Technological and Social Costs and Benefits of Patent Systems
"If we did not have a patent system, it would be irresponsible, on the basis of our present knowledge of its economic consequences, to recommend instituting one. But since we have had a patent system for a long time, it would be irresponsible, on the basis of our present knowledge, to recommend abolishing it." Machlup (1958) - cited by Hall (2002) The demand for a stronger patenting system has become in the recent period a major source of tension between the U.S. government and the E.U. The US demand is generally motivated by the conventional economic wisdom affirming that a strong patenting system yields convenient incentives for the private investment in Research and Development (R&D) and hence, for technical progress in Society. This rather mechanistic approach of technological dynamics and of the role of the patenting is mainly based on the neoclassical theory of technical progress that strongly focuses on the agents' incentives rather than on the dynamics of the existent technological systems. Other appreciations of the existing patenting systems have nevertheless continued to be quite critical (see Machlup (1958) and Penrose (1951)). These appreciations are generally based on approaches where the nature of the actual technologies plays a central role. Moreover, the first part of the opinion emitted by Machlup in the above excerpt becomes very urgent since the question of establishing a strong patenting system is actually scrutinized for some industries in Europe (like the software industry) and in some countries (like Russia and China). We should hence consider the social costs of the patenting system, as well as its advantages, in order to guide such decisions. More specifically, it is time to seriously consider and check the old and new criticism of this system. The shortcomings of the standard wisdom have more recently been pointed out by Merges & Nelson (1990) and Mazzoleni & Nelson (1998). We propose to reassess the theoretical social value of patenting through a model founded on the approach adopted by these more empirical and conceptual studies. We develop a simulation model based on the Nelson & Winter (1982), part V. This basic model is completed by a patent system that allows the protection of the innovations. We therefore use this model for evaluating the efficiency of this system under different technological conditions emphasized by Merges & Nelson (1990) and as a function of different dimensions of patents (mainly their length and their breadth). An econometric study of the results from Monte Carlo simulations is used to evaluate the determinants of the Social costs and benefits of patents. These social effects are mainly characterized at two levels: at the level of the efficiency of the technical progress in the industry, and at the level of the social surplus. The neoclassical approaches conclude to a positive effect on both dimensions. Evolutionary approaches point at the contingency of these results with respect to the technological particularities of the industries. For example, Merges & Nelson (1990) distinguishes four classes of technologies in which the role of patents can be strongly contrasted: discrete inventions, cumulative technologies, chemical technologies and sciencebased technologies. We propose to include the specificities of these classes in our analysis, through different calibrations of the technology space of our industry dynamics model. The results of the simulations will then allow us to check the effectiveness of the patenting system in different configurations and with different characteristics measuring its strength. References Hall, B. (2002), "Current issues and trends in the economics of patents", Lecture to the ESSID Summer School in Industrial Dynamics Hall, B. & Ham Ziedonis, R. M. (2001), The effects of strengthening patent rights on firms engaged in cumulative innovation: Insights from the semiconductor industry, in G. Libecap, ed., "Entrepreneurial Inputs and Outcomes: New Studies of Entrepreneurship in the United States", Vol. 13 of Advances in the Study of Entrepreneurship, Innovation, and Economic Growth, Elsevier Science, Amsterdam. Jaffe, A. B. (2000), "The u.s. patent system in transition: Policy innovation and the innovation process", Research Policy 29, 531â€“557. Machlup, F. (1958), "An economic review of the patent system", Study No. 15 of Commission on Judiciary, Sub comm. on Patents, Trademarks, and Copyrights, 85th Congress, 2d Session. Mazzoleni, R. & Nelson, R. R. (1998), "The benefits and costs of strong patent protection: A contribution to the current debate", Research Policy 27, 273â€“284. Merges, R. & Nelson, R. R. (1990), "On the complex economics of patent scope", Columbia Law Review 90, 839â€“916. Nelson, R. R. & Winter, S. (1982), An Evolutionary Theory of Economic Change, The Belknap Press of Harvard University, London. Penrose, E. (1951), The Economics of the International Patent System, John Hopkins University Press, Baltimore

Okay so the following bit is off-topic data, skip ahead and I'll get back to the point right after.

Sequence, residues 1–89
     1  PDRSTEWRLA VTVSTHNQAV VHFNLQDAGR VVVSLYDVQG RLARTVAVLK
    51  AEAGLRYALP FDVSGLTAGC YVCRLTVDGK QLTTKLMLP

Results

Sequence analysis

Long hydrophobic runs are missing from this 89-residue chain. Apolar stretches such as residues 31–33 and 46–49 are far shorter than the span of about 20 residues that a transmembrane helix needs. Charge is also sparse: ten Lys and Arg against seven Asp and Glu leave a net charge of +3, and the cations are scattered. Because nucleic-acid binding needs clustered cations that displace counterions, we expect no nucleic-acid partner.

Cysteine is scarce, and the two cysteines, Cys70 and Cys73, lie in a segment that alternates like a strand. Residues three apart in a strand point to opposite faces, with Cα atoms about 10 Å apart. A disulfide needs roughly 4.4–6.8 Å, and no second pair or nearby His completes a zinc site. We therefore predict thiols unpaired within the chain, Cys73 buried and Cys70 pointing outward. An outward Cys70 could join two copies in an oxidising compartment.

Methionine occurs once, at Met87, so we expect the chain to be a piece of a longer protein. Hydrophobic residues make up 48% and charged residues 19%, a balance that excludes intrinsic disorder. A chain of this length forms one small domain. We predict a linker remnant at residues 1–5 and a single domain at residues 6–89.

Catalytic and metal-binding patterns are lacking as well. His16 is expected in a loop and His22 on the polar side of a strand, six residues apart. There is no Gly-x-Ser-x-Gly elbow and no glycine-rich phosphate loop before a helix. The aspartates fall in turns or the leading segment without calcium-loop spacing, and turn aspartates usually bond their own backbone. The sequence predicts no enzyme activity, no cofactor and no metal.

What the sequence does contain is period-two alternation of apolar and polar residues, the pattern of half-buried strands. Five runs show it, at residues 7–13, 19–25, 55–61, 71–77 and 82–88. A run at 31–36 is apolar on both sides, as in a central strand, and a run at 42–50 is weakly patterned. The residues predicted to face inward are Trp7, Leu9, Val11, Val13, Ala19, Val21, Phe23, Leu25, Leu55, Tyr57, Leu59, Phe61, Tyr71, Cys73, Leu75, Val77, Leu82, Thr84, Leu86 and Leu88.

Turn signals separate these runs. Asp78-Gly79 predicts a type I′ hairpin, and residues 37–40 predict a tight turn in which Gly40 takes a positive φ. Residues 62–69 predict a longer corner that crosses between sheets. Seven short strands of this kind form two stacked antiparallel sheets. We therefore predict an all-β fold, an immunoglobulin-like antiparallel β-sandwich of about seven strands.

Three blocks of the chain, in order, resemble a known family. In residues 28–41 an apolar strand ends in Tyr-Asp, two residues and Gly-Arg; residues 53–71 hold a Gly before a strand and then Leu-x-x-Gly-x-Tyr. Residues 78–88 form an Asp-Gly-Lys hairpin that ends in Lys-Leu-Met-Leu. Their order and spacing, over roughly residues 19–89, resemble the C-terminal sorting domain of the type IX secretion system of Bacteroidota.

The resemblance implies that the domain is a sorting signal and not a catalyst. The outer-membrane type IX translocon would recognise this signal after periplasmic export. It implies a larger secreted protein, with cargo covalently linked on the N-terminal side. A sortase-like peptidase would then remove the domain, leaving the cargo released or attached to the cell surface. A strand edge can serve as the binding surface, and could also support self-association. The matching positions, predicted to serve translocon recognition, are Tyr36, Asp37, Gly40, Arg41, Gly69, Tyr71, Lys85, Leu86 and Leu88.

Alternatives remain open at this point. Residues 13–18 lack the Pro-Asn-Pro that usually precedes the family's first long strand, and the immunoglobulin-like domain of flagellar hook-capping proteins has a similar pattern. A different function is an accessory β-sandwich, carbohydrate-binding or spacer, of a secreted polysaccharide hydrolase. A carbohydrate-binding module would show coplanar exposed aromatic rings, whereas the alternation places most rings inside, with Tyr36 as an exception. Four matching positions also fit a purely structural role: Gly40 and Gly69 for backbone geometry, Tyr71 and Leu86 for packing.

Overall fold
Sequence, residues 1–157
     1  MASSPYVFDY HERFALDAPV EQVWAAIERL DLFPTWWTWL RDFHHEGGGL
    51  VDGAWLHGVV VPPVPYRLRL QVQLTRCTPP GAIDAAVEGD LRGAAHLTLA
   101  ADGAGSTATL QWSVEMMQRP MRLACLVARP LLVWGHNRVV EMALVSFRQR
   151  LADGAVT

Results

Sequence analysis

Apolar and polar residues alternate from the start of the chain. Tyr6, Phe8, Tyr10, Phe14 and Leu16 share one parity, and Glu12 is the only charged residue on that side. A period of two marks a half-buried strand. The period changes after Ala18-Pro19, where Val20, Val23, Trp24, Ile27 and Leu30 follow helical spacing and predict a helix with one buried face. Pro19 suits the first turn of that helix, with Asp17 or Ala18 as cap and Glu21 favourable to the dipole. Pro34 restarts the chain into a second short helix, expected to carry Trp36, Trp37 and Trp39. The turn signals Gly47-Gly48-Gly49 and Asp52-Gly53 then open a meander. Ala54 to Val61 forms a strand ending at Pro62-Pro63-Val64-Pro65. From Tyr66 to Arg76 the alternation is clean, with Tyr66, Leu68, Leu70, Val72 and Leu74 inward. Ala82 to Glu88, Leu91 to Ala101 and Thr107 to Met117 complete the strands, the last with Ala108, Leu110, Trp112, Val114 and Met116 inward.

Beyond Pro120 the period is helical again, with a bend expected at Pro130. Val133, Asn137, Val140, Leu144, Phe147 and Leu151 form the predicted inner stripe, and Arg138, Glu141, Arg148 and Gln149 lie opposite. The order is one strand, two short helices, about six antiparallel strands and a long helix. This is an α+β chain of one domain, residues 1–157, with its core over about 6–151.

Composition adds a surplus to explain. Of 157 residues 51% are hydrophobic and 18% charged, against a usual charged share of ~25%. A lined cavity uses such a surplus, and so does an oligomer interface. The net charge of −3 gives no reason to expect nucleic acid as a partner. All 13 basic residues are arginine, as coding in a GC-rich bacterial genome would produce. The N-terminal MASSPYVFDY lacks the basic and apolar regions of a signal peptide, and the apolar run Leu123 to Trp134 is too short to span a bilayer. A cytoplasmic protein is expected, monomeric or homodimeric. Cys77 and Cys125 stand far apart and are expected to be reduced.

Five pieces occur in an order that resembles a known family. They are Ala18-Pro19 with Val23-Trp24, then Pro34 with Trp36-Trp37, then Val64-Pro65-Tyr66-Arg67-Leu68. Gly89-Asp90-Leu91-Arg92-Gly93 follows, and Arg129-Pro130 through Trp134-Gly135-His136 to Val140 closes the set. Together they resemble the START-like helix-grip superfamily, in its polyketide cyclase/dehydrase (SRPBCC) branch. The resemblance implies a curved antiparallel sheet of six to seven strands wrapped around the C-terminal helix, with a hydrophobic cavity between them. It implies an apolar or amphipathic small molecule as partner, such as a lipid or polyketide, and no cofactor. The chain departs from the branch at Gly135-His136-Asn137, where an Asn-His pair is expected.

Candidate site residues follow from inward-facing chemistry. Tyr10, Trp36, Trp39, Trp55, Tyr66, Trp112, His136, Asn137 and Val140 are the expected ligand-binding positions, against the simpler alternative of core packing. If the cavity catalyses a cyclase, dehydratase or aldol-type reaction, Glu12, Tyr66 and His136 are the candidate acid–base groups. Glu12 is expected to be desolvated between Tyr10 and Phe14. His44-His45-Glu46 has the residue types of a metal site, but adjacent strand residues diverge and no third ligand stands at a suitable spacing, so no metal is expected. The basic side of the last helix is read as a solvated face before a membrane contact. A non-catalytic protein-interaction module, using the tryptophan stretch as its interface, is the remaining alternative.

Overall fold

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- Mazzoleni, Roberto & Nelson, Richard R., 1998. "The benefits and costs of strong patent protection: a contribution to the current debate," Research Policy, Elsevier, vol. 27(3), pages 273-284, July.
- Wesley M Cohen & Richard R Nelson & John P Walsh, 2003.
"Protecting Their Intellectual Assets: Appropriability Conditions and Why U.S. Manufacturing Firms Patent (Or Not),"
Levine's Working Paper Archive
618897000000000624, David K. Levine.
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- Nancy Gallini & Suzanne Scotchmer, 2002.
"Intellectual Property: When Is It the Best Incentive System?,"
Law and Economics
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- Nancy Gallini & Suzanne Scotchmer, 2003. "Intellectual Property: When is it the Best Incentive System?," Levine's Working Paper Archive 618897000000000532, David K. Levine.
- Gallini, Nancy & Scotchmer, Suzanne, 2001. "Intellectual Property: When Is It the Best Incentive System?," Department of Economics, Working Paper Series qt9wx2c2hz, Department of Economics, Institute for Business and Economic Research, UC Berkeley.